Watching Cat Videos Boosts Energy And Positivity

Posted: Jun 17 2015, 8:21am CDT | by , in News | Also on the Geek Mind


Watching Cat Videos Boosts Energy and Positivity
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A new study reveals that watching videos of cats has a positive impact.

Cat videos are one of the most popular videos online. There are huge stars like Grumpy cat, Lil Bub or the cats of Taylor Swift. There are also lots of unnamed cats that star in myriads of funny cat videos available on video services. Now a new study reveals that watching cat videos has a profound effect.

According to an Indiana University Media School researcher watching cat videos boosts viewers' energy and positive emotions and decreases negative feelings. This is not that surprising. One of the reasons people own cats is that the feline friends make people feel good. That this also works through video is incredible. 

The study, by assistant professor Jessica Gall Myrick, surveyed almost 7,000 people about their viewing of cat videos and how it affects their moods. Lil Bub's owner, Mike Bridavsky, who lives in Bloomington, helped distribute the survey via social media.

Lil Bub

 Lil Bub is one of the more popular felines on the Internet. Photo by Mike Bridavsky,

"Some people may think watching online cat videos isn't a serious enough topic for academic research, but the fact is that it's one of the most popular uses of the Internet today," Myrick said. "If we want to better understand the effects the Internet may have on us as individuals and on society, then researchers can't ignore Internet cats anymore.

"We all have watched a cat video online, but there is really little empirical work done on why so many of us do this, or what effects it might have on us," added Myrick, who owns a pug but no cats. "As a media researcher and online cat video viewer, I felt compelled to gather some data about this pop culture phenomenon."

Internet data show there were more than 2 million cat videos available on YouTube in 2014, with almost 26 billion views. Cat videos had more views per video than any other category of YouTube content.

In Myrick's study, the most popular sites for viewing cat videos were Facebook, YouTube, Buzzfeed and I Can Has Cheezburger.

Among the possible effects Myrick hoped to explore: Does viewing cat videos online have the same kind of positive impact as pet therapy? And do some viewers actually feel worse after watching cat videos because they feel guilty for putting off tasks they need to tackle?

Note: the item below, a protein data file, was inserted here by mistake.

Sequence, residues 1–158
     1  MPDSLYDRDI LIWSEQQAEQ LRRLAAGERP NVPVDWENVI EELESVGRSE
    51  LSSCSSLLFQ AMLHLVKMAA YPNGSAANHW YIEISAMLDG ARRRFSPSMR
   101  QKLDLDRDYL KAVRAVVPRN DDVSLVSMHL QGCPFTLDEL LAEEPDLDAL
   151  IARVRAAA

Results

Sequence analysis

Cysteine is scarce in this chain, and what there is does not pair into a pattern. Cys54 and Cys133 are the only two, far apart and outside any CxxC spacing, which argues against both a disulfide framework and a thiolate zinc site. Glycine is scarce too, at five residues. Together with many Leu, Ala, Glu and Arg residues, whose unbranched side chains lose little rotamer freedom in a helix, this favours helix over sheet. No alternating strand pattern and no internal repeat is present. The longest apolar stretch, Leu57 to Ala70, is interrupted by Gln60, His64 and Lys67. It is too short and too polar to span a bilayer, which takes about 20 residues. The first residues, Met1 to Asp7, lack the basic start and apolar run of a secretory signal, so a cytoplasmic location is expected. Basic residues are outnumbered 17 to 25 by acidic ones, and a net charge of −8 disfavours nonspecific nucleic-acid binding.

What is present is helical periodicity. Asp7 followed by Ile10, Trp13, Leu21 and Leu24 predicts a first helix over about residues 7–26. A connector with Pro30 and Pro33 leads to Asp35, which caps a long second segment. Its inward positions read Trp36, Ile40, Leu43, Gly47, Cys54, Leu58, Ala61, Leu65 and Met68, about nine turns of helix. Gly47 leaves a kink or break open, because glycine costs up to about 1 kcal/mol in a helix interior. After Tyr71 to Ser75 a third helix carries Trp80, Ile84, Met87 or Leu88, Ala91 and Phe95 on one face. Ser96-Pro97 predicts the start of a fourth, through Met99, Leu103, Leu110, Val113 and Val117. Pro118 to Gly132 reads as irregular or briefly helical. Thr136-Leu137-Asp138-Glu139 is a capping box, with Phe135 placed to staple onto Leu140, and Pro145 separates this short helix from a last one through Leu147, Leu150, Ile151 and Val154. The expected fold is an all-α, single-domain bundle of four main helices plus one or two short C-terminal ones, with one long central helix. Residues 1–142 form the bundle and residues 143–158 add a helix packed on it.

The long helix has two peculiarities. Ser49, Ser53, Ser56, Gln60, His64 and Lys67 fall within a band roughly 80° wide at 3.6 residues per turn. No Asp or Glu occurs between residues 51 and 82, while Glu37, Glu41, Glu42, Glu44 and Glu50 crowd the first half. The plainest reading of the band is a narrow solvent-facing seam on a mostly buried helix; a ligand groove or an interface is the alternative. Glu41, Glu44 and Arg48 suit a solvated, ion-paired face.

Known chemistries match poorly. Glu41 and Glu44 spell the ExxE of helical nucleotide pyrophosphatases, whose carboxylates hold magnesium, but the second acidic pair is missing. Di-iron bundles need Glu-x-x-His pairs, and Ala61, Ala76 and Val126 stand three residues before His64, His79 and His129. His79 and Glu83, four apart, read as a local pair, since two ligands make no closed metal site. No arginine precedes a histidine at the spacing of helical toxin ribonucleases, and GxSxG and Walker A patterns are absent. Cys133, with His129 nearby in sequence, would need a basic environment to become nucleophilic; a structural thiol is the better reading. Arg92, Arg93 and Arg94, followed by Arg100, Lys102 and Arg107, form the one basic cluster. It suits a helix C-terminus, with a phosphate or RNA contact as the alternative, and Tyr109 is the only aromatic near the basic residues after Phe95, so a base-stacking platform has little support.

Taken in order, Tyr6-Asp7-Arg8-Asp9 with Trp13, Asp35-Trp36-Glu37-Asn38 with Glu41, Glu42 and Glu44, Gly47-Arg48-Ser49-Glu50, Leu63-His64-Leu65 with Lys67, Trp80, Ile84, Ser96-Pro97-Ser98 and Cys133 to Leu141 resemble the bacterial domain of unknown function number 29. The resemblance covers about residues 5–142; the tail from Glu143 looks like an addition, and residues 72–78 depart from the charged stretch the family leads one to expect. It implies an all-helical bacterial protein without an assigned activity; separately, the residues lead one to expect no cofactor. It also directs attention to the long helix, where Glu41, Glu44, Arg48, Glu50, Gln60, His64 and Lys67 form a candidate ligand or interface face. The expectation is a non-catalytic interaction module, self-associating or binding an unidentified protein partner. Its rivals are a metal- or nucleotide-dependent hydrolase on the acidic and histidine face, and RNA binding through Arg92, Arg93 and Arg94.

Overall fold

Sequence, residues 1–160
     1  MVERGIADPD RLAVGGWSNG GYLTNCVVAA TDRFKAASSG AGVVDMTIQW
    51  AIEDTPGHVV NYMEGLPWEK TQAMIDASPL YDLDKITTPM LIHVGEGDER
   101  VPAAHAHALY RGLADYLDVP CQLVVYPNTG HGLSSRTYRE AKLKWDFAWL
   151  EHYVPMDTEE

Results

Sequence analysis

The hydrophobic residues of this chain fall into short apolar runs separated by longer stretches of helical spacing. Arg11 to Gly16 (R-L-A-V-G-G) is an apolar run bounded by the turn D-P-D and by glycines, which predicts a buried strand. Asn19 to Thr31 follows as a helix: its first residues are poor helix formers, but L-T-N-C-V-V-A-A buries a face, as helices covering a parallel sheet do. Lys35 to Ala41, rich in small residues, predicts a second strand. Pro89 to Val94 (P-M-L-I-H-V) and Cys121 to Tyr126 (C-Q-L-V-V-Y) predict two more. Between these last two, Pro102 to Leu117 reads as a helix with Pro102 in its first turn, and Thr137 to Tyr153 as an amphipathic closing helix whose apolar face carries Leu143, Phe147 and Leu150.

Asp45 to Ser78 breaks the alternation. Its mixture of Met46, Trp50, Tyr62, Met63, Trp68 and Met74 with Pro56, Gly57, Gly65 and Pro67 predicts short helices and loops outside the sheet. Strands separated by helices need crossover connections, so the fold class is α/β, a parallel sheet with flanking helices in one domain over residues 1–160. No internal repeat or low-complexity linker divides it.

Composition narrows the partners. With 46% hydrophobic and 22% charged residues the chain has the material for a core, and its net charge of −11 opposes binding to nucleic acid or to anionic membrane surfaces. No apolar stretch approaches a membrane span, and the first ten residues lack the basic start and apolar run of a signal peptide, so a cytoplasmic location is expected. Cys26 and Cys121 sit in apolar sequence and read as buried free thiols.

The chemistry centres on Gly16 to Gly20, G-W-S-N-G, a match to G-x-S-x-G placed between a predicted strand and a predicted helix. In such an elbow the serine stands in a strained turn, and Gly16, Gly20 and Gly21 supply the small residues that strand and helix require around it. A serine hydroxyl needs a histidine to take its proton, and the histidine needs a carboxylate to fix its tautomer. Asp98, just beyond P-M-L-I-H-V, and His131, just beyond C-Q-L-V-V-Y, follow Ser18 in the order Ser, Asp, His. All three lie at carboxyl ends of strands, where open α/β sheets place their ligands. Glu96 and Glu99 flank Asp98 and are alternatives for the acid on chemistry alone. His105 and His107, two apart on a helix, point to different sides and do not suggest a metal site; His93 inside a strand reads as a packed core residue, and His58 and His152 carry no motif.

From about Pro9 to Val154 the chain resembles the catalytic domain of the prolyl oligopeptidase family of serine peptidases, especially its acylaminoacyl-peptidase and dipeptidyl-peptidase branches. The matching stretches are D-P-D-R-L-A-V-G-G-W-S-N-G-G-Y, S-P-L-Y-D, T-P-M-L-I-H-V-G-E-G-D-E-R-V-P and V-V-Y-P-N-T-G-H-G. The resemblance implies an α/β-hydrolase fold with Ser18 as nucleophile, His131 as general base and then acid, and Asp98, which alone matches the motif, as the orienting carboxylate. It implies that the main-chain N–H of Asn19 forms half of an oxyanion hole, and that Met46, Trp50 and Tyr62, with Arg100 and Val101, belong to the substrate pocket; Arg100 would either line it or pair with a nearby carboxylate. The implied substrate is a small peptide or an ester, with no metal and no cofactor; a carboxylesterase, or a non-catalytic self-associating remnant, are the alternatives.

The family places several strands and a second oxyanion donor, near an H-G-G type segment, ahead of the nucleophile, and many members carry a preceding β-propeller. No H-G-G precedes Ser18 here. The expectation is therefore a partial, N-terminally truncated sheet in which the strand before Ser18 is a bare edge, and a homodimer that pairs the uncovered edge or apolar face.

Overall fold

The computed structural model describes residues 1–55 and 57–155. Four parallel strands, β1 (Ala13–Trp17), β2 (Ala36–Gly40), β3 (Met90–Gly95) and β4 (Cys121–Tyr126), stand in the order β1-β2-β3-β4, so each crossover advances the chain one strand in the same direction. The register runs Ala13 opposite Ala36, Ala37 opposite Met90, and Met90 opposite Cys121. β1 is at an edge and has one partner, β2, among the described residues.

Of the participants in the study, about 36 percent described themselves as a "cat person," while about 60 percent said they liked both cats and dogs.

Study Participants reported the following observations:

  •     They were more energetic and felt more positive after watching cat-related online media than before.
  •     They had fewer negative emotions, such as anxiety, annoyance and sadness, after watching cat-related online media than before.
  •     They often view Internet cats at work or during studying.
  •     The pleasure they got from watching cat videos outweighed any guilt they felt about procrastinating.
  •     Cat owners and people with certain personality traits, such as agreeableness and shyness, were more likely to watch cat videos.
  •     About 25 percent of the cat videos they watched were ones they sought out; the rest were ones they happened upon.
  •     They were familiar with many so-called "celebrity cats," such as Nala Cat and Henri, Le Chat Noir.

Overall, the response to watching cat videos was largely positive.

"Even if they are watching cat videos on YouTube to procrastinate or while they should be working, the emotional pay-off may actually help people take on tough tasks afterward," Myrick said.

The results also suggest that future work could explore how online cat videos might be used as a form of low-cost pet therapy, she said.

For each participant who took the survey, Myrick donated 10 cents to Lil Bub's foundation, raising almost $700. The foundation, Lil Bub's Big Fund for the ASPCA, has raised more than $100,000 for needy animals. 

You can now test yourself if watching a cat video boosts your energy and gives you positive emotions. 

The study titled "Emotion regulation, procrastination, and watching cat videos online: Who watches Internet cats, why, and to what effect?" was published in the latest issue of Computers in Human Behavior.

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The Author

<a href="/latest_stories/all/all/2" rel="author">Luigi Lugmayr</a>
Luigi Lugmayr () is the founding chief Editor of I4U News and brings over 15 years experience in the technology field to the ever evolving and exciting world of gadgets. He started I4U News back in 2000 and evolved it into vibrant technology magazine.
Luigi can be contacted directly at




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